The sensation of pain is difficult to ignore. It evokes a stress response and affects mood and concentration. Our natural inclination is to medicate in hopes of relieving the pain. In some cases, an aspirin or two might be all we need to move on with our lives. In other cases, more is needed to achieve sufficient pain relief.
The Habit of Pain
As many as 20% of adult Americans experience chronic pain. This leaves them vulnerable to dependency on pain medication, a challenge that has reached devastating proportions. A quarter of patients prescribed opiate pain medication become addicted during their course of treatment.
Is it all in our head?
Our experience of pain suggests that it resides in our body at the point of some trauma. The truth is a bit more complicated. While we do receive stimulus from nerves located in injured tissue, we do not experience it as pain until our brain interprets the nerve impulses. Our current mood and awareness around the severity of the injury can also exacerbate the pain.
The primary function of pain is to encourage an action that might reduce the further chance of injury. If we succeed in removing ourselves from the source of trauma, pain signaling becomes largely redundant. Within minutes of injury, our natural pain-killing chemicals (endorphins and enkephalins) are released to block pain signaling. These natural pain blockers can be remarkably effective; however, they do not persist indefinitely. Enzymes present in the nervous system eventually break them down.
There are several types of pain and several supplements that may be helpful in managing them. The two primary types are nociceptive and neuropathic. Nociceptive pain is the most common and results from soft tissue injury. Neuropathic pain is a result of damage to the nerves themselves.
Conventional Pain Medications
Especially painful conditions often call for narcotics which can be quite effective at reproducing our natural pain response. However, they may cause side effects, and the aforementioned dependency is an ever-present threat.
Because patients vary in size, symptoms and pain tolerance, commercially available medications sometimes may not provide the appropriate dosage strength for an individual patient. Through compounding, a physician and pharmacist can customize the dosage to the exact amount the patient requires, and find a dosage form that best suits the patient’s needs. Pharmacy compounding may help improve a patient’s quality of life by providing relief with potentially fewer side effects and less overall medication.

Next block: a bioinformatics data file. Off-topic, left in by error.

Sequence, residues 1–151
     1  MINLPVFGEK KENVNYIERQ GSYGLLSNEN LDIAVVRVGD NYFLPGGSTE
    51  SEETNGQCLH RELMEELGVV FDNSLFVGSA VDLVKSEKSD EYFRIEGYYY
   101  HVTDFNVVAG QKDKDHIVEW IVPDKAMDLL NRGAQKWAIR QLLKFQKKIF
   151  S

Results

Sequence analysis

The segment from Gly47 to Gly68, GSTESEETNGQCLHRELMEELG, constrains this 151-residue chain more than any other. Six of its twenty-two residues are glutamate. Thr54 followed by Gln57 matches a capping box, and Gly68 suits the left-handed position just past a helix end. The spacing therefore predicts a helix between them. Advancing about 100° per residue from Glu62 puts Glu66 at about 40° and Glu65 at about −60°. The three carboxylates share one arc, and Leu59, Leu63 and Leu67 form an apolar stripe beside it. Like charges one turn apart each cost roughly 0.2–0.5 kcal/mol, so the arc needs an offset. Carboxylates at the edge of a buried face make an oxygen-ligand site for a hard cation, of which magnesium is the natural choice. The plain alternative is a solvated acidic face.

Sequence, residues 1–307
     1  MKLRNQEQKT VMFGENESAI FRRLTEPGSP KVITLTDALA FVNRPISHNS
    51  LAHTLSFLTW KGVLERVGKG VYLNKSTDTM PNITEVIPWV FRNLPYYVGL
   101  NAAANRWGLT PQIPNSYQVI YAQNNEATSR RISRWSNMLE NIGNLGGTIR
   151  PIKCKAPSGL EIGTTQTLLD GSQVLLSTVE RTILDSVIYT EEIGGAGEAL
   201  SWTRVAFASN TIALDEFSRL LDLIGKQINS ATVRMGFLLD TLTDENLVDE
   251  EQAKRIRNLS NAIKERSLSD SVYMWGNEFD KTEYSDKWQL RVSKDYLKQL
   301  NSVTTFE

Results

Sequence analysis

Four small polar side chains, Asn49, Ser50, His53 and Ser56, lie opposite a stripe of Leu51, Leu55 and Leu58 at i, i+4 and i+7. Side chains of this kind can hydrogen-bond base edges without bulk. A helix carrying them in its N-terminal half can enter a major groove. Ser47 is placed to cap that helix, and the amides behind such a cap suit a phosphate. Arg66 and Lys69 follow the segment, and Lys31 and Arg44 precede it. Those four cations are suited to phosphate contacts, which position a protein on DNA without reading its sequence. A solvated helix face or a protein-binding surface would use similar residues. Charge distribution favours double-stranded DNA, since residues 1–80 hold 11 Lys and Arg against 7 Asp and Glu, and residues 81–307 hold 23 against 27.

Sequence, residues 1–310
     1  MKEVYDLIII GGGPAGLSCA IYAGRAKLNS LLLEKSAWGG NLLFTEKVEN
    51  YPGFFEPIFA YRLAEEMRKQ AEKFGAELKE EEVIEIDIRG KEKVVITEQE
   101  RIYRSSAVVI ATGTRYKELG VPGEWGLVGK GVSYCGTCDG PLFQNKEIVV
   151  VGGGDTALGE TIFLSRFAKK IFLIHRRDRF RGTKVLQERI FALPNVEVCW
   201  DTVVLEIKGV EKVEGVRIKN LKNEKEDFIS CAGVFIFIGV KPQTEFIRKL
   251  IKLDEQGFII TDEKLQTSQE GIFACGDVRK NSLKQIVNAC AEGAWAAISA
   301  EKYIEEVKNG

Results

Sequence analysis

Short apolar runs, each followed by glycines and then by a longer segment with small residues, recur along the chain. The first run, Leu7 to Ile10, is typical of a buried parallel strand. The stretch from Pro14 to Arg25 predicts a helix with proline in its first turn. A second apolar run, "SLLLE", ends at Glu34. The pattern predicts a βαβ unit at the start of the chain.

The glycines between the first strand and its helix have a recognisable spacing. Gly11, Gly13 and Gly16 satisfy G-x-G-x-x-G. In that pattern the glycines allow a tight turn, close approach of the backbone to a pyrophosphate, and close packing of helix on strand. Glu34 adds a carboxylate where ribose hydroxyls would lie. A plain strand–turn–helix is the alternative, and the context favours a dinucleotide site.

Alternative Dosage Forms
Topical gels, creams, or sprays offer an alternative to capsules or tablets. Alternative options to oral medications include nasal sprays, suppositories, or custom-flavored troches that dissolve under the tongue.
When placed on multiple medications, you need multiple prescriptions and swallow multiple pills. Compounding can make it possible to get all medications in a single preparation.
Patients vary in size, symptoms, and pain tolerance. Mass-produced commercial medications may not provide the appropriate dosage strength for an individual. Compounding allows customizing medication to a patient’s needs.
DLPA: A Versatile Amino Acid
DLPA contains L-phenylalanine, an essential amino acid that affects mood, energy, and pain perception. It blocks the action of enzymes that break down our native painkillers, effectively increasing their useful lifespan. It also encourages the production of those endorphins and enkephalins to maintain a steady supply. Daily doses of 1,000 mg to 5,000 mg have been recommended for chronic pain.
PEA: A Useful Fatty Acid
Palmitoylethanolamide (PEA) is a native lipid that helps to regulate pain and inflammation through its influence on our endocannabinoid system. PEA has shown benefits for chronic pain, especially in cases of nerve damage. A typical dose for pain management is 600 mg twice per day.
Inflammation and Pain: Necessary Evils
When tissue injury occurs, the resulting inflammatory response can promote pain signals which alert us to danger. However, if inflammation persists, chronic pain can result. Managing inflammation is an important step to tissue recovery and improved quality of life. Let’s examine several interventions that can accelerate recovery.
Omega-3 Fatty Acids: Essential Lipid Precursor
These long-chain fatty acids, typically obtained from fatty fish and other animals, serve structural as well as chemical purposes. They are used in the creation of anti-inflammatory hormones. Without this influence, we are much more vulnerable to chronic inflammation. Typical therapeutic doses may be as high as 4 to 6 grams per day.
Turmeric: Ancient Spice with Remarkable Potential
For millennia, turmeric has been a central aspect of food and medicine in the Indian subcontinent. Turmeric is anti-inflammatory, antioxidant, liver regenerative, and has preventative potential in cases of conditions stemming from chronic inflammation. A well-absorbed extract standardized to 95% curcuminoids will provide the best results.
CBD: New Kid on the Block
Hemp-derived cannabidiol (CBD) is a cannabinoid with great potential for regulating pain and inflammation. Unlike other interventions, it can be applied topically to quickly improve muscle and joint symptoms. Ingestible forms of CBD also have their place, however much like the other supplements mentioned earlier, the benefits are cumulative and may not reach their maximum potential for several weeks of continual use.